Each shop should have its air quality assessed to determine the ventilation needs. If the adequacy of ventilation is uncertain, the exposure levels should be measured and compared to the Permissible Exposure Limit (PEL) on the material safety data sheet (MSDS). Most suppliers can recommend a reputable monitoring company that can provide an air quality analysis. Shops should consider establishing a relationship with a qualified safety consultant.

Electric shock
Currents of approximately six milliamperes (mA) can be enough to cause death in some instances. Most welding and cutting machines run on much more than this. Therefore, following proper precautions regarding equipment is vital.

To limit the risk, make sure equipment is properly maintained and grounded with no loose fittings or exposed live parts. Welders should use dry, undamaged insulating gloves designed specifically for welding. Never touch the electrode or welding wire with bare hands when the power is on.

Welding when wet increases the risk of shock, so workers should "weld dry." This means avoiding standing in water and using dry rubber mats, wood, plywood, or other insulating material to prevent being the grounding source for the electricity. Also, perspiration can reduce the skin's resistance to electricity. Change clothing frequently and wear dry welding gloves.

It is also important to avoid using cables that are too small, damaged, or poorly spliced. Also, don't get wrapped in electric cables because this increases the risk of electric shock and can prevent escape in the event of emergency. As a general rule, remind workers to turn equipment off when not in use.

Gas cylinders
All compressed gas cylinders are considered hazardous simply because they are under pressure. It is common for cylinders to contain gas under 2,500 psig (pounds per square inch gauge) or more. If damaged, the cylinder can explode, sending shrapnel flying much like the fragments of an exploded artillery shell. Or, if the valve is broken or damaged, the cylinder can take off like an unguided missile, literally crashing through walls.

Anyone using cylinders needs to know how to read the markings on the cylinder and must have access to the MSDS for the contents. Also, protect the cylinder from excessive heat; mechanical shocks, such as being hit by forklift vehicles; slag; open flames; sparks; and the electric arcs. Make sure cylinders are insulated and never grounded or part of an electrical circuit.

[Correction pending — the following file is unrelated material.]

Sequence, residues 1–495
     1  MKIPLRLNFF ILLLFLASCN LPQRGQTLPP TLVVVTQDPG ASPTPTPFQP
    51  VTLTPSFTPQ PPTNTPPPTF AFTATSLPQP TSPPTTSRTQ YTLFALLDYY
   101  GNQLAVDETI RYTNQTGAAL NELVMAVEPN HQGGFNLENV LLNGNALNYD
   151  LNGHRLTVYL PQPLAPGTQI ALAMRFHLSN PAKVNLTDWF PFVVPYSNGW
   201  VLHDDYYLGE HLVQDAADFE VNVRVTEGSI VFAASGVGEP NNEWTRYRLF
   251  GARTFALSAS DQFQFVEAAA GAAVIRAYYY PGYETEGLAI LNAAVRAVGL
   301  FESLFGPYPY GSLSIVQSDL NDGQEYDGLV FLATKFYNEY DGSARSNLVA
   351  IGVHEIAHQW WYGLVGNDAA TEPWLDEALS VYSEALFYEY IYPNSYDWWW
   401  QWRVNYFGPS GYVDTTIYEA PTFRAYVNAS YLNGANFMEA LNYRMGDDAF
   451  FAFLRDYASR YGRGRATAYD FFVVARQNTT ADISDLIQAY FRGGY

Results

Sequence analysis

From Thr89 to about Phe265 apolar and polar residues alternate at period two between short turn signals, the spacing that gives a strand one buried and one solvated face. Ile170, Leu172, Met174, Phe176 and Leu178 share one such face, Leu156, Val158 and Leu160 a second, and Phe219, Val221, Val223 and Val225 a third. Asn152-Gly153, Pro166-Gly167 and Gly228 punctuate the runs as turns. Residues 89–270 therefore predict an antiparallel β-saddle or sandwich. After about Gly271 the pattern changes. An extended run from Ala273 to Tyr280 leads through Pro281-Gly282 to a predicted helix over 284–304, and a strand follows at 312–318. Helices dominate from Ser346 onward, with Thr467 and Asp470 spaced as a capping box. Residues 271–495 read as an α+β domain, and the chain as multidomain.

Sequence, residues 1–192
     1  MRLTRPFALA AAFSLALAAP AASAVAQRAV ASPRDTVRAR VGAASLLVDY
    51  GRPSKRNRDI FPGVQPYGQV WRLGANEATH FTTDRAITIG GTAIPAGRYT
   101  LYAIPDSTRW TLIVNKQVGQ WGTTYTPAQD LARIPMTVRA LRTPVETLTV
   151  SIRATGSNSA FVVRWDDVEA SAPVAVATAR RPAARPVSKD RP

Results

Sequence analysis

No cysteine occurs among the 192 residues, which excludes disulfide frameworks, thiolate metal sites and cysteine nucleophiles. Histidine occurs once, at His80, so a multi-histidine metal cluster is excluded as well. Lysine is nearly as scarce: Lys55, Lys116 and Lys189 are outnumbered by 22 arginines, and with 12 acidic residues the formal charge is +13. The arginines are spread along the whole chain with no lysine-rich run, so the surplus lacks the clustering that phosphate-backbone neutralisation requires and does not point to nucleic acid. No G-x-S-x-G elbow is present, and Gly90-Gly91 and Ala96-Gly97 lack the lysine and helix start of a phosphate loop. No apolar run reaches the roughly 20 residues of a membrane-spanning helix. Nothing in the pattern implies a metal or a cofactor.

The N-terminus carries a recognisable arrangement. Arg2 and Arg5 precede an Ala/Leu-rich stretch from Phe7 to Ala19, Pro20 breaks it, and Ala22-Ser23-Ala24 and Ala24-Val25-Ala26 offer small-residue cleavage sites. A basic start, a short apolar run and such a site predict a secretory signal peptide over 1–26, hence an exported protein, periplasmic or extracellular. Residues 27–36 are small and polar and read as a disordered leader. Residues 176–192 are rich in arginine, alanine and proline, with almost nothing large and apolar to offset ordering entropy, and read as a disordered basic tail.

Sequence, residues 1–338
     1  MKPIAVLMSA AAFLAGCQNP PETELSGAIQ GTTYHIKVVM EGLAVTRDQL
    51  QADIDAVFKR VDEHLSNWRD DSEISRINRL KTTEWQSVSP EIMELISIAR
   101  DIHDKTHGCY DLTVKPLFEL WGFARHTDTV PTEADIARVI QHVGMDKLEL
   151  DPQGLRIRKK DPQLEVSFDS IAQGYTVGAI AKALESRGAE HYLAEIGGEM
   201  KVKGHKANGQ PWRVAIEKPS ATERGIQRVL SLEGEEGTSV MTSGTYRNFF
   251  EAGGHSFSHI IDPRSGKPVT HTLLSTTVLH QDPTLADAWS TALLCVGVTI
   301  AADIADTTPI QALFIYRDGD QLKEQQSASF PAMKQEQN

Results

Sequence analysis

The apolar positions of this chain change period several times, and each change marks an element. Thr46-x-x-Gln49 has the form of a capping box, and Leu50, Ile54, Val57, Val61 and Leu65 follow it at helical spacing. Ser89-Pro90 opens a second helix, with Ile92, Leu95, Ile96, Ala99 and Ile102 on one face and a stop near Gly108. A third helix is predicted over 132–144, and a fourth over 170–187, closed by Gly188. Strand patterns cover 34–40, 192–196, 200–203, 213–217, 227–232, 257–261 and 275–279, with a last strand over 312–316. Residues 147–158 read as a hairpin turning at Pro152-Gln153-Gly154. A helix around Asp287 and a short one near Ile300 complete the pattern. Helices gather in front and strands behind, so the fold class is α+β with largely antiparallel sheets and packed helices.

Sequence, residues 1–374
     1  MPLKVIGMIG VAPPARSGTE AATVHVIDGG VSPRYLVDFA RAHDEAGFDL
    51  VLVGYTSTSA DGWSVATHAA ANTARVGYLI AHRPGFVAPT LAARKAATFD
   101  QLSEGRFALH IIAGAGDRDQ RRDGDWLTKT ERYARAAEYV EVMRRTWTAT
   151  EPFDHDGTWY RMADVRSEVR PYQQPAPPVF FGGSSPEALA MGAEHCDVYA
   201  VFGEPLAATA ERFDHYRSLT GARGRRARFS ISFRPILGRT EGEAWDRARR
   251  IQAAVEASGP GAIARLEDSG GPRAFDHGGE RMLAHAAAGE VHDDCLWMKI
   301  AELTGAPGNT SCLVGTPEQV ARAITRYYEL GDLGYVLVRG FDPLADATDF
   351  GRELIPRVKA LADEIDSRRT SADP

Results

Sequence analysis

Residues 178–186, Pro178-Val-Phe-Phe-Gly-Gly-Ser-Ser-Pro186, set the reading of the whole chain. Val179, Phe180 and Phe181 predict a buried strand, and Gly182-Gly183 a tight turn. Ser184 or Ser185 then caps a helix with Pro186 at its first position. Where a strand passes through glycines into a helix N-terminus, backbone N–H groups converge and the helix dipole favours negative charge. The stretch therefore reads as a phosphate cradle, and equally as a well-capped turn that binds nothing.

Cylinders also should be checked regularly for leaks or other damage. Cylinders, valves, and fittings must be kept free of oil or lubricants because these can cause explosions under pressure. Additionally, users always should securely apply protective valve caps on cylinders when they are idle and during transport.

In addition, most compressed gases have properties that can be hazardous to users. Even oxygen can be dangerous. Oxygen has a normal atmospheric concentration of approximately 21 percent. However, if the atmospheric concentration rises above 23.5 percent, it increases the risk of fire when an ignition source is present. Oxygen also will cause fires to be more volatile and burn more rapidly, violently, and intensely.

If the oxygen concentration falls below 19.5 percent, asphyxiation becomes a danger. Certain shielding gases such as argon or helium will displace oxygen and can create this oxygen-poor environment. Therefore, never allow any gas to be released into an enclosed space or room. This is another reason that proper ventilation and air monitoring are necessary: to ensure the atmosphere in confined spaces is safe.

Movement and Storage
Handling cylinders requires special attention to safety. Standing 4.5 feet tall and weighing 200 pounds, a falling cylinder can injure workers or result in a broken valve. Therefore, make sure the cylinder is secured properly at all times.

When moving a cylinder, close the valves, remove all regulators, and replace the valve cap. Never lift it by the valve cap; the threads are not designed to handle the load. Never use slings or magnets. The proper way to move a cylinder is by a gas cart. Make sure the cylinder is attached to the cart by a chain or cylinder bracket.

The cylinder also needs to be secured during use. This can be done by leaving it on the cart or by using a cylinder rack attached to the station. If there is no rack, the cylinder can be chained to the station or to a wall bracket.

Alternate Supply Modes
Depending on the facility's volume needs, onsite blending can be a more efficient mode of supplying shielding gas. With onsite blending, shielding gas is supplied in bulk and blended on site using a gas blender.

There are three common modes of delivering gases: liquid cylinders, microbulk tanks, and bulk tanks. As a general rule, facilities using 15 or more compressed cylinders a month are good candidates for onsite blending. Liquid cylinders are an entry point into onsite blending. Because the gas is liquefied, a single cylinder holds much more gas than a compressed cylinder.